Level Four evangelism – “man-friendly church” was once a far-off, lofty place we only aspired to one day reach. In the meantime, there was a whole stack of work to be shifted in getting Levels One and Two off the ground. (To the uninitiated, in CVM’s Four-Level Evangelism Strategy, these are ‘content’-free socials, and food plus speaker events, respectively). At Dawlish Christian Fellowship, in South Devon, we grew tired of waiting for Level One to ever give us a leg-up to Level Four, so we decided to turn the whole thing on its head and start working on Level Four right now. Not that we’ve stopped meeting new guys out in the community, but if we don’t sort this, our men’s ministry will only ever be a waiting room for men who are all dressed up with nowhere to go, at least not on a Sunday morning. Nothing frustrates men leading men in church like ‘invitophobia’ – the inherent fear of bringing unchurched men into church because we are either, a) not sure what it will be like on that particular Sunday, or worse, b) knowing all too well what it will be like.
So, what does Level Four look like for us? Well, firstly, I’m going to openly admit that we’re not there yet. Our décor, our worship, and our coffee might fail to inspire Dave Murrow – we’re ‘on a journey’ as the post-modern cliché goes. More significant than where we currently are, is where we are currently heading, and our compass is set to “man-friendly”. Here are four values that I believe are essential, in addition to the blatantly obvious fact of being a Bible-based, Gospel-driven, Spirit-led church, if we are to retain the men we reach. In no particular order, as they say…
1. Spontaneous humour.
Men have a caricature of Christianity in their heads that is dull and party-pooping, as if you get handed a long list of ‘can’t do’s’ on the way in through the door. Genuine humour has real power to very quickly dismantle this preconception. We find that spontaneous ‘off-the-cuff’ material goes down even better than telling well-rehearsed jokes, good as that can be. Spontaneity seems real, because it is, and it makes the church look like a place where anything could happen in the next half hour. To pull this off needs quick-witted, vulnerable service leaders who are ready to seize the moment. It doesn’t always come off, but it’s so worth the risk. One young woman in our congregation recently quipped ‘I love it when church goes wrong’, and she meant it as a real positive, which shows we’re helping the women, too. Humour turns an awkward silence into an opportunity for an authentic connection.
2. Top quality.
No-one wants a fake, plastic church; everyone’s these days in sick-to-death of being sold something. And yet, I’d equally hate to put pressure on any church leader to have to do every little thing to the ‘nth’ degree just to keep the men happy – the last thing we’re to be is people pleasers. But we won’t reach men with a rubbish sound system and weak tea. Men just vote with their feet if it’s rubbish. Let’s get the basics solid and reliable so we can make space for a spontaneous and genuine church experience that men will love. They might not be impressed by the things they take for granted, but neither will they complain and leave. Make it good. Not perfect, but good, and a maybe a little rough at the edges to breed confidence that it is real.
3. Brutal honesty.
In preaching, don’t hold back; give the message like it is. Men love and appreciate honesty as we’re mostly very poor at second-guessing and working out hidden meanings. ‘Since we have such a hope, we are very bold’, so let’s be very bold. And do not be afraid of the old ladies; when I preach like this the most encouraging comments I get are often from old ladies. They don’t look very radical, but they often are on the inside. Give all the glory to Jesus and set the bar reachable, but high. Challenge the men to stand up and take a step – if they think they’ve got what it takes. The key is that every man secretly wants to believe this of themselves – “You cut the mustard”, “You da’ man”. OK, we all know Jesus is really “da’ man”, but you get the point – if our identity is hidden in Christ, we are what He makes us. Therein lies the challenge to men to be godly activists.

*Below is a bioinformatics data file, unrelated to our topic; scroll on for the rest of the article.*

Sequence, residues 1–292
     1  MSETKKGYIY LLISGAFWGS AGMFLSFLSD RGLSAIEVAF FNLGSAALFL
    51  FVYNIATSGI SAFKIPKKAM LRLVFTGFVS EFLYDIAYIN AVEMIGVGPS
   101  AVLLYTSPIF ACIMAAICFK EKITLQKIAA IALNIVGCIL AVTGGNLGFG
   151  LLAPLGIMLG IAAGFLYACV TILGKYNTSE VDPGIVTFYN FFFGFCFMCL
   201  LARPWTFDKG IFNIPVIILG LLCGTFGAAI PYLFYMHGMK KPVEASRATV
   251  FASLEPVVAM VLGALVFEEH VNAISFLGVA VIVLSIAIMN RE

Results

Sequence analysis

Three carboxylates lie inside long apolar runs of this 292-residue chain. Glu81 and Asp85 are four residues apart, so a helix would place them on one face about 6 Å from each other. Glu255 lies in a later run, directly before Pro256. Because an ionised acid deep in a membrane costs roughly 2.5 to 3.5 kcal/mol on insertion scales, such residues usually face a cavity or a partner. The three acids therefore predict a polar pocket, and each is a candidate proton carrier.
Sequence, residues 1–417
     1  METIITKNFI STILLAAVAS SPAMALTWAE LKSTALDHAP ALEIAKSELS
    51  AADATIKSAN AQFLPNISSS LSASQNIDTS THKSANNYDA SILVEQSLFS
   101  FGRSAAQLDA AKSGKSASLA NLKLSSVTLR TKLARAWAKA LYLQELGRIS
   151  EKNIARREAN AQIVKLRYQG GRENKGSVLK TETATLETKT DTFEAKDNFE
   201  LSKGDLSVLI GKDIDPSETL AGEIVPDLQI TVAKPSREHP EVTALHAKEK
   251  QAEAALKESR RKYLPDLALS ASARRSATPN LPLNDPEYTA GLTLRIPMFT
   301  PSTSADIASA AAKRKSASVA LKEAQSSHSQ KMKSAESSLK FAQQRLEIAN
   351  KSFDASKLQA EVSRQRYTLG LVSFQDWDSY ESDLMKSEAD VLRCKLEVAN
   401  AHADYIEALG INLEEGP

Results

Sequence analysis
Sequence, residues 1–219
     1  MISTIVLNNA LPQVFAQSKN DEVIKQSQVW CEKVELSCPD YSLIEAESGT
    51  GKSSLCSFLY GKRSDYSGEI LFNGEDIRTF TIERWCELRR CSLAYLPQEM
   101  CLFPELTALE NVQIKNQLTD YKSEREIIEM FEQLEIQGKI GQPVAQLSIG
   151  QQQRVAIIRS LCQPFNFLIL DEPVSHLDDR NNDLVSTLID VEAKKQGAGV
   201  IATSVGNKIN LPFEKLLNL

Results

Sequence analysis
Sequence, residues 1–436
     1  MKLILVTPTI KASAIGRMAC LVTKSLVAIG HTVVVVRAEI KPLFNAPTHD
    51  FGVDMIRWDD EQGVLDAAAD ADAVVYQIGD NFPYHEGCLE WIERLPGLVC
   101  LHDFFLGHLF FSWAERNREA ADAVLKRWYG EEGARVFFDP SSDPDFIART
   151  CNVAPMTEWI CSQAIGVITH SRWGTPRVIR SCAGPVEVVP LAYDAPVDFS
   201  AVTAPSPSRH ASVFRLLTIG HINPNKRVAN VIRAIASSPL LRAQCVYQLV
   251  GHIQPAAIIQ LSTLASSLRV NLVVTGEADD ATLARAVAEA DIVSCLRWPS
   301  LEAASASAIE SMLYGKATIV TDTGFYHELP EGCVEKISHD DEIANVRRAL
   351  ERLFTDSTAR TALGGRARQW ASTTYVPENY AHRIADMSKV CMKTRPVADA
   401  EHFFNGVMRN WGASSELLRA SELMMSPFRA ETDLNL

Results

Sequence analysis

4. Real simplicity.
As well as a blunt message, men also like blunt, direct language that tells it like it is. We need an everyday theology that connects the Word into the real world – after all, we should to be whole-life disciple-makers who value the spiritual significance of the daily work that most men do, paid or voluntary. Major on using the most ordinary, mundane illustrations you can in your preaching and illustrate almost everything to add colour and life to the message. Avoid all forms of theological language, including use of the word theological (oops!). Find another way to say it, a clearer way, a better way. Imagine you’re talking to a 25-year old labourer who has no church background and no Bible knowledge. The objective is to “de-pigeonhole” the Christian faith, dismantle the caricature and reveal the real thing. KISS
Keep it simple stupid!
5. Raw edginess.
Men often recommend things to other men based on perceived “edginess”. Edginess is a man’s way of discerning goodness. If there’s some form of kudos involved in doing it, using it or visiting it, men will happily ‘sell’ it without even being asked. Church was always meant to be dangerous and costly and not for the faint-hearted. How did we manage to turn it into a ladies’ knitting circle? Maybe it started when we saw fit to segregate discipleship from mission and made what’s really one thing into two things. So let’s reunite hearing the Word and doing it, and let’s offer a church experience for men that presents opportunities for direct action, positively subversive behaviour, and a measure of risk and danger. Sounds like the early church to me. Or is it the suffering church. Same difference, eh?